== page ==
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URA explains failure to collect gold export taxes.

URA explains failure to collect gold export taxes.

John Musinguzi, Commissioner General of URA says the authority needs an additional Shs167 billion to recruit 1,278 new staff members. (Courtesy photo)

In a recent report, the Auditor General of Uganda has criticized the Uganda Revenue Authority (URA) for its failure to collect Shs52.238 billion ($14.17 million) in gold export taxes. The uncollected revenue, related to exports in the fiscal years 2021/22 and 2022/23, has raised concerns about the government’s ability to deliver essential services.

According to the Auditor General’s findings, the exports during the mentioned period weighed a total of 70,837.91 kilograms, equivalent to US$14,167,582. However, the URA claims that the delayed collection of gold taxes was due to an interim court order that halted tax collection until concerns raised by gold exporters were addressed.

“The exports in 2021/22 weighed 30,167,582, and those of 2022/23 were 40,648.2 kilograms, totaling to 70,837.91 Kgs. This translated into US$14,167,582 equivalent to Shs52.238 billion that was not collected, contrary to the Mining and Minerals (Export Levy on Refined Gold) Regulations 2023,” stated the Auditor General’s report released in December 2023.

The URA, in its defense, explained that an interim order had been issued, restraining them from enforcing the statutory instrument, thereby preventing the collection of the gold export taxes. The failure to collect this significant amount has implications for government resources, affecting its ability to provide essential services.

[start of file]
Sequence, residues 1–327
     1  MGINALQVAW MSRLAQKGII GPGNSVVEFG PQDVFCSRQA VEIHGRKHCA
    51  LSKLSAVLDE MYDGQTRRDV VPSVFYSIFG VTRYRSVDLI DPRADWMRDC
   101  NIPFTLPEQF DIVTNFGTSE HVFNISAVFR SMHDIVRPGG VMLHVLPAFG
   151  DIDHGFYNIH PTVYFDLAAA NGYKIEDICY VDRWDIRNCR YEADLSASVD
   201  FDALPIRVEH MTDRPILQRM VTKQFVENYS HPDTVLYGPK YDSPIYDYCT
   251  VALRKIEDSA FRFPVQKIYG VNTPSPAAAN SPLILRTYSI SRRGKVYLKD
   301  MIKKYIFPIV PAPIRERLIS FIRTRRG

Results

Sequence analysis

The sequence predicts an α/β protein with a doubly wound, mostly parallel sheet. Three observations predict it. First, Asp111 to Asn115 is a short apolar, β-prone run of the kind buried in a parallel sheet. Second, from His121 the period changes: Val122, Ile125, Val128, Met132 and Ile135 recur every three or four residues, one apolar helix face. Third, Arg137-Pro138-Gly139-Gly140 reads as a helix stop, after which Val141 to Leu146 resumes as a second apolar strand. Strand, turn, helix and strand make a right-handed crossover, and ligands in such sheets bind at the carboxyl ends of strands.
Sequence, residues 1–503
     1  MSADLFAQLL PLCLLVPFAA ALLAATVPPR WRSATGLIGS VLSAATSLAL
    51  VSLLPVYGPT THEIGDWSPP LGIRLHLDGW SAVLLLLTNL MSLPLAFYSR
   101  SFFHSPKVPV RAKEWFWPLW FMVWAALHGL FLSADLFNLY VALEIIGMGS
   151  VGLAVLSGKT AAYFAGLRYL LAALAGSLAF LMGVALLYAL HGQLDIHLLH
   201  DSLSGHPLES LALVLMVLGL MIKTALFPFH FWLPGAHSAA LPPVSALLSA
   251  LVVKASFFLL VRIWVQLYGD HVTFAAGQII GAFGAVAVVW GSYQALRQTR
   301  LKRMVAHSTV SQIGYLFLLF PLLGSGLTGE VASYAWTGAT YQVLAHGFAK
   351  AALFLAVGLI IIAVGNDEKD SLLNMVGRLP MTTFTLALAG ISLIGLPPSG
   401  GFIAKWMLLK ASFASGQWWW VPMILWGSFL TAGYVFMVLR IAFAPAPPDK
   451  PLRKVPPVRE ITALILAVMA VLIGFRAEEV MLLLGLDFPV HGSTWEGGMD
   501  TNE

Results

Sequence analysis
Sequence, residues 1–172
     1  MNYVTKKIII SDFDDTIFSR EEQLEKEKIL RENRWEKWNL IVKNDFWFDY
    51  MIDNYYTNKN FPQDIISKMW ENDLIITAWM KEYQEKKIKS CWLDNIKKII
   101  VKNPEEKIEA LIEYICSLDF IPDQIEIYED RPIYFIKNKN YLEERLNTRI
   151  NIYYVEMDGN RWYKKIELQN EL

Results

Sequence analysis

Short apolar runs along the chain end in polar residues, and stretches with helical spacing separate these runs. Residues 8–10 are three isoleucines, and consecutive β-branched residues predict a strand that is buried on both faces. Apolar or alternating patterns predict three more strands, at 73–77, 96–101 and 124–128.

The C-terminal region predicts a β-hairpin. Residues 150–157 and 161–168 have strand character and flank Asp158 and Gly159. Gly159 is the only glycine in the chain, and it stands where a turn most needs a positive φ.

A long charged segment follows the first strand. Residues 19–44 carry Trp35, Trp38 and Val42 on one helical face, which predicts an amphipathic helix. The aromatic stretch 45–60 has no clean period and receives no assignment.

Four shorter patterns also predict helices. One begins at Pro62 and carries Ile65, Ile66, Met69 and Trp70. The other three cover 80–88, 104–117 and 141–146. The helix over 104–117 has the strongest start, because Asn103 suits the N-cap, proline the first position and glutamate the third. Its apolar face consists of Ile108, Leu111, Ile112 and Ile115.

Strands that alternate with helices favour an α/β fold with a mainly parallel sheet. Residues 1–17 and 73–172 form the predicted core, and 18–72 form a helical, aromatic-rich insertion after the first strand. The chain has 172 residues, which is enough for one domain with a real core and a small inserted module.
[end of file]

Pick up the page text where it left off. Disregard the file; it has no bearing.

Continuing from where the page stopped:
To address this issue and enhance efficiency, the URA is seeking an additional Shs167 billion to recruit 1,278 new staff members. John Musinguzi, Commissioner General of URA, emphasized the need for a structural review to improve the organization’s efficiency and address long-standing revenue leakages.

“Uganda Revenue Authority is doing a structural review to improve the efficiency of the organization to add on to the number of foot soldiers required to do this noble mandate to plug some of the revenue leakages, and this activity hadn’t happened for quite some long period of time. Our proposal is that this recruitment can be spread over time because it would require about Shs167 billion,” stated Musinguzi while appearing before the Finance Committee.

In the 2024/25 fiscal year, URA has been allocated Shs619.989 billion, with Shs253.495 billion earmarked for wages, Shs321.174 billion for non-wage expenditure, and Shs45.320 billion allocated for development expenditure.

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